Posts Tagged 'Picture Books'

Welcoming All Friends, by June Ebersold

Welcoming All Friends joins the popular genre of first-day-of-school picture books.  Watching shy Jenna make friends on her first day of school, sharp-eyed children will realize that Jenna’s mother is right:  new friends see Jenna, not just her wheelchair.  The read-aloud text is all about Jenna and her friends—a regular “first-day-of-school” story.   The pictures show other children with several kinds of handicaps and the accommodations available to make them successful.   This picture book might be used by parents or teachers preparing children for today’s heterogeneous classrooms.

June Ebersold will appear at the Local Author Book Fair at the Fairport Public Library, 1 Fairport Village Landing, on Saturday, December 7, 2013, from 2 to 4 PM.

Shakespeare’s Amazing Traveling Adventure, by Nicoletta Barrie

Shakespeare’s Amazing Traveling Adventure is based on the true story of Shakespeare, a cat who adopted Fairport’s Nolan family. Trapped inside a moving van, poor Shakespeare was carried many miles from home—and then he found his way back.  Just as you start to ask yourself how anyone would ever know the real facts about a cat’s travels, you will learn the specific clues that led the Nolan family to discover Shakespeare’s story. Partial proceeds to Lollipop Farm.

Nicoletta Barrie will appear at the Local Author Book Fair at the Fairport Public Library, 1 Fairport Village Landing, on Saturday, December 7, 2013, from 2 to 4 PM.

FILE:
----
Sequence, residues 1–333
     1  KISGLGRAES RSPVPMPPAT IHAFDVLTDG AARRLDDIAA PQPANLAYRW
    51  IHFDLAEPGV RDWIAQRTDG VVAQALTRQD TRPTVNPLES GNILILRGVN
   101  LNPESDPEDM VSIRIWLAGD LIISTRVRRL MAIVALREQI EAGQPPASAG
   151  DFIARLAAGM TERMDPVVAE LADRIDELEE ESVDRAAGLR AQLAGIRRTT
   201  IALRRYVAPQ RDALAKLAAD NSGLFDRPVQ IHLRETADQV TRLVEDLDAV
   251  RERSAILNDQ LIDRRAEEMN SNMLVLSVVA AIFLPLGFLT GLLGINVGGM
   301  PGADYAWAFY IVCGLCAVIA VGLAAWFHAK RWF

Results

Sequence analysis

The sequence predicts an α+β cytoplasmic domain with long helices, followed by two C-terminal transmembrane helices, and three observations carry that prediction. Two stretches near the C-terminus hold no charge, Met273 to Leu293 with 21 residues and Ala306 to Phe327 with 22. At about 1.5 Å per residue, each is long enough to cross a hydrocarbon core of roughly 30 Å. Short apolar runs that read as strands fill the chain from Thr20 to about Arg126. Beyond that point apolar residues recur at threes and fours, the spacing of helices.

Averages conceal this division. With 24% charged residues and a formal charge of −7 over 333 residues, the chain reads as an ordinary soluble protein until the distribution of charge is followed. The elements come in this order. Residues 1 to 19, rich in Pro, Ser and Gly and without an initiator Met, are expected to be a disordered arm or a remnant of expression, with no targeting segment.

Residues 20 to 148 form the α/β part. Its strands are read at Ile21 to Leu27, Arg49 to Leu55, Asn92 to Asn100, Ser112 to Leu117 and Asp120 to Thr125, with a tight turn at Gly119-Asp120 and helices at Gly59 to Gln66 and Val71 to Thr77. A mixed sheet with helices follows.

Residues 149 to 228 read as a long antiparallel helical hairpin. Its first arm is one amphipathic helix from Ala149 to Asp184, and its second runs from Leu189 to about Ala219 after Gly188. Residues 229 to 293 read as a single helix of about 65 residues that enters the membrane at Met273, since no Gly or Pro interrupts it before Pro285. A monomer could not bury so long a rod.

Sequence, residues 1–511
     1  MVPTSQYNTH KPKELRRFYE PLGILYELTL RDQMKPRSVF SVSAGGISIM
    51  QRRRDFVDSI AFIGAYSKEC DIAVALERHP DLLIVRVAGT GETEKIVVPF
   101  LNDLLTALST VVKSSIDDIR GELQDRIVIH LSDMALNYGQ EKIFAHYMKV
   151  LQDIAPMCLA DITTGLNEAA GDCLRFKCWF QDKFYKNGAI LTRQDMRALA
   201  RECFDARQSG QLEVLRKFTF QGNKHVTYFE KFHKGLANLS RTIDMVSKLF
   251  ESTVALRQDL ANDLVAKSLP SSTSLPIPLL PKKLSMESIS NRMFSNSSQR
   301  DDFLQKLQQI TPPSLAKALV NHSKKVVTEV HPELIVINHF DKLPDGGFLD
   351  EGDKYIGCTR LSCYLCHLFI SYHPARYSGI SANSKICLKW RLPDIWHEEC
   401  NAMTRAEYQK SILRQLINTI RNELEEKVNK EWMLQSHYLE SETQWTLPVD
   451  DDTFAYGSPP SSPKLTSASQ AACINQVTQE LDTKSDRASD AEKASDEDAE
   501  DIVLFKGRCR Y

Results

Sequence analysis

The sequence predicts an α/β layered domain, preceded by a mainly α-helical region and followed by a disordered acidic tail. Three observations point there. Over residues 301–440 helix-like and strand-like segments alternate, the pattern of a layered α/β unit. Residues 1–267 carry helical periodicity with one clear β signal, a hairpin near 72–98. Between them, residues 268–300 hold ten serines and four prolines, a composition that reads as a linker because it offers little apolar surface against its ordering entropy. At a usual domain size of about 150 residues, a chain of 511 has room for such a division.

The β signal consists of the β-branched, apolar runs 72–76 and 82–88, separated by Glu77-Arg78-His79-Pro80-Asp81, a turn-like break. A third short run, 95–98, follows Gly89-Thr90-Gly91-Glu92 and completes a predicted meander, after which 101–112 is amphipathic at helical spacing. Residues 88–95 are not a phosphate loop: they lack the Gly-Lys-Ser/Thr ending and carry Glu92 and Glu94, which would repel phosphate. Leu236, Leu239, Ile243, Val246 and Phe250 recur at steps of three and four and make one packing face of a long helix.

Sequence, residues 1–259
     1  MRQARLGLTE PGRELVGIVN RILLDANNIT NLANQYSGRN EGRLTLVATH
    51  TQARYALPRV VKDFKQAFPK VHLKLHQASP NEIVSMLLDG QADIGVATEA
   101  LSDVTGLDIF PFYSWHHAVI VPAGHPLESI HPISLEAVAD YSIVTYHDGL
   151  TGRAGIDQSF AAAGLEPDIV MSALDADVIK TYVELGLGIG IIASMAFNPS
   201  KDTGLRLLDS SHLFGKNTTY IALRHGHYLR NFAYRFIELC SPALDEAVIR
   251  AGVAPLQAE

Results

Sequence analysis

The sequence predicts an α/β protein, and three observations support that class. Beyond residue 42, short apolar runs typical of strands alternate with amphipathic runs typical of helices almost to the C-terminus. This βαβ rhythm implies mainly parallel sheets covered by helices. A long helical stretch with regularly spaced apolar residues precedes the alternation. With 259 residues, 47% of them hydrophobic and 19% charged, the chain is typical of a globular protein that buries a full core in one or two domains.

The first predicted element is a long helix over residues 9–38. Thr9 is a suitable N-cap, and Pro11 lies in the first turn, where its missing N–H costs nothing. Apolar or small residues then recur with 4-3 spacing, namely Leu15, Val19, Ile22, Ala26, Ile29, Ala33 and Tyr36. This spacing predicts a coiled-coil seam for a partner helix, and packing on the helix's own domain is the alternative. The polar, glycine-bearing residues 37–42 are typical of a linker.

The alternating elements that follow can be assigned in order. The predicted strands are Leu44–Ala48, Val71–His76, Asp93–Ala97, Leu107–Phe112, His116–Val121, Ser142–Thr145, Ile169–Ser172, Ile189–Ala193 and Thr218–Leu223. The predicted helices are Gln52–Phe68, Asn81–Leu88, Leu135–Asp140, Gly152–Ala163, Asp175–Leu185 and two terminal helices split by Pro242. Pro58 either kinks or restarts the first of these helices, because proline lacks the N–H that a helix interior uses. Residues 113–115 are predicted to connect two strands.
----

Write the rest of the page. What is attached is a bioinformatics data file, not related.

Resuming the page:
Ellen Stoll Walsh, Balancing Act

Balancing Act

Balancing Act, by Ellen Stoll Walsh

Besides exploring the mathematical concept of balance or equivalency, Ellen Stoll Walsh offers a beguiling story of two mice, friends who have balanced a stick over a rock to create their own teeter-totter.  One by one, additional friends appear and want to join the fun.  Again and again, the teeter-totter becomes unbalanced and must be re-balanced by adding a friend or moving friends to the other side.  At last, the weight of the friends is too great for the stick, and it breaks.  The friends run off to play something else, all but the two original mice, who hunt up another stick and return to their balancing game.  So this cut paper collage with minimal text also provides for discussion of the values of playing nicely with friends and refusing to give up easily.

But most of all, this is a charming story to read to the little one you put to bed every night.

Fairport children will recognize that the mouse statues outside the library window are cousins to this story.  They come from Walsh’s earlier mouse book, Mouse Paint.